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Tenderness


REVIEWED BY TRICIA GILBEY


Alison MacLeod (Bloomsbury Circus: 2021)


It is hard to imagine a book called Tenderness being put ‘on trial’ but Tenderness was the original title for Lady Chatterley’s Lover. Alison MacLeod’s excellent long and engrossing novel revolves around D. H. Lawrence, his writing of what was to become Lady Chatterley’s Lover, and the obscenity trial of Penguin Books in 1960. Swirling in time, connected in disparate ways, the characters and situations in each strand of this novel relate to the fate of Lawrence’s story. The judgment in that trial changed the path of literature; and its resolution, which fed into a revolution, still reverberates today.


When Tenderness was finished, Alison MacLeod posted a picture on social media of the carpet under her desk, which was completely threadbare in the place where her feet had been. She had sat for many hundreds, perhaps thousands, of hours writing this book. I knew nothing about the novel at that point but awaited it with anticipation as I have rarely seen an image which captures the work of writing as well as that one does, and I knew it was going to be big.


And it is — I am frankly in awe of what Alison MacLeod has achieved. This is a novel which travels through time and space on the wings of beautiful prose. I particularly loved the strand about the Sussex artists’ colony, Greatham, in which Lawrence stayed. MacLeod expertly weaves the words of Lady Chatterley’s Lover and the earlier England, My England, into the thoughts of her Lawrence, so it is as if we see the stories appearing in his mind. MacLeod shows how ideas evolve and grow, and suggests how Lawrence’s feelings and experiences were channelled into words.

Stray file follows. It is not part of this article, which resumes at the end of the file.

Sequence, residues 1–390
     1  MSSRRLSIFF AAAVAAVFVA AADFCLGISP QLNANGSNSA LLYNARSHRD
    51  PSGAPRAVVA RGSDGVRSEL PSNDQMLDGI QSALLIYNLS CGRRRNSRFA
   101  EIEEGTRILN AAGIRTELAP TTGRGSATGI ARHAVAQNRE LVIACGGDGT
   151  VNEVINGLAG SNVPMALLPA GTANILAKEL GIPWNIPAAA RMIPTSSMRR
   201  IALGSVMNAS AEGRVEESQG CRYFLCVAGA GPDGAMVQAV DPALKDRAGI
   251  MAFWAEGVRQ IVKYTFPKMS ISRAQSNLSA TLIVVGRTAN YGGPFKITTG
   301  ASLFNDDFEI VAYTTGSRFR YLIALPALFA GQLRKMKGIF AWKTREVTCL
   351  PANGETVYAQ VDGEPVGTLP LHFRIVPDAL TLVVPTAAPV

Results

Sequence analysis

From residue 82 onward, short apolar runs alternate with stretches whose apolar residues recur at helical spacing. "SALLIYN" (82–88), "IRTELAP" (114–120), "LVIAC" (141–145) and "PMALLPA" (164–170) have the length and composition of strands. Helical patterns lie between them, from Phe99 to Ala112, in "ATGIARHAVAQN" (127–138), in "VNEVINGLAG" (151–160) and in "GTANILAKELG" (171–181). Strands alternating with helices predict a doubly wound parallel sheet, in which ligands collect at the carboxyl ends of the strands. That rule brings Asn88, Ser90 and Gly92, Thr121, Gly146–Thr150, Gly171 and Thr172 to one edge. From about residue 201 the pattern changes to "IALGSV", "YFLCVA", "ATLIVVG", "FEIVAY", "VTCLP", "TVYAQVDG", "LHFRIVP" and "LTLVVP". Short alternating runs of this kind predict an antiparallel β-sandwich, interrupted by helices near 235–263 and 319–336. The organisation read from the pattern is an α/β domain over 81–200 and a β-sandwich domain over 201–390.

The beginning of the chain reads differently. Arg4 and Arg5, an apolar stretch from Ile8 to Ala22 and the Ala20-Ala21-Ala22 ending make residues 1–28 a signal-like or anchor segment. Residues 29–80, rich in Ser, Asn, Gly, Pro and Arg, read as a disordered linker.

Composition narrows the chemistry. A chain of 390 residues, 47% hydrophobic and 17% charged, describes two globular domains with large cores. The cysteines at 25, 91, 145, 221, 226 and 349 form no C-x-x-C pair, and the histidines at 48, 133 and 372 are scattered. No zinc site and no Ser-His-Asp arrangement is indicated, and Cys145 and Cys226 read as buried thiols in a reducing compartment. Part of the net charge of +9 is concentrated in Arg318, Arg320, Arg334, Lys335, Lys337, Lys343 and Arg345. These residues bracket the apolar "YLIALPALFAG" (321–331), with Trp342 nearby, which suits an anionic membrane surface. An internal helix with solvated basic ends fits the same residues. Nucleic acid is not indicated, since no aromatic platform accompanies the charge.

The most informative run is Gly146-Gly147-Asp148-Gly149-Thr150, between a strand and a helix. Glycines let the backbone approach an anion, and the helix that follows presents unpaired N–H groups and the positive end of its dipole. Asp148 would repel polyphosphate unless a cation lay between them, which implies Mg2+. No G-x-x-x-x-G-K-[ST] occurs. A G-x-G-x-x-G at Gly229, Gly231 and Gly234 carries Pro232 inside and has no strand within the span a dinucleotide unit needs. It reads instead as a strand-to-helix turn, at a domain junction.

MacLeod doesn’t play down Lawrence’s flaws but shows us him in the round. She also suggests how his health and relative poverty affected him, as did his relationship with his wife and other writers of the time who came to stay. She takes us into the family he and Frieda were staying with too. I found the strand following the Meynells through until the time of the trial really affecting, raising fascinating questions of how much an artist should borrow from the lives of those in their orbit.


There is one more strand which I imagine in technicolour, rather than sepia — the part of the story set on the U. S. coast, as Jackie Kennedy’s husband prepares to challenge for the presidency. The fictional Harding, working for the FBI, captures a photo of her at the U. S. hearings, in which J. Edgar Hoover attempts to ban imports of Lady Chatterley’s Lover through the U. S. postal service. This story is involved, and vividly imagined, and I will do it an injustice if I summarise it, but I thought it added enormously to the themes about the value of art and the effect novels can have in the ‘real world’ of politics, of academia, and on the individual consciousness of their reader. It also showed how the effects of Lady Chatterley’s Lover spread far beyond England.


For me, the success of Tenderness is in its ambition, its sweeping themes, its many viewpoints. It is a novel which speaks of being true to the art inside you. It shows how the words of a great novelist travel beyond their own time and place into future generations. This is a book to immerse yourself in this winter, perhaps ahead of Alison MacLeod’s visit to us in the spring.



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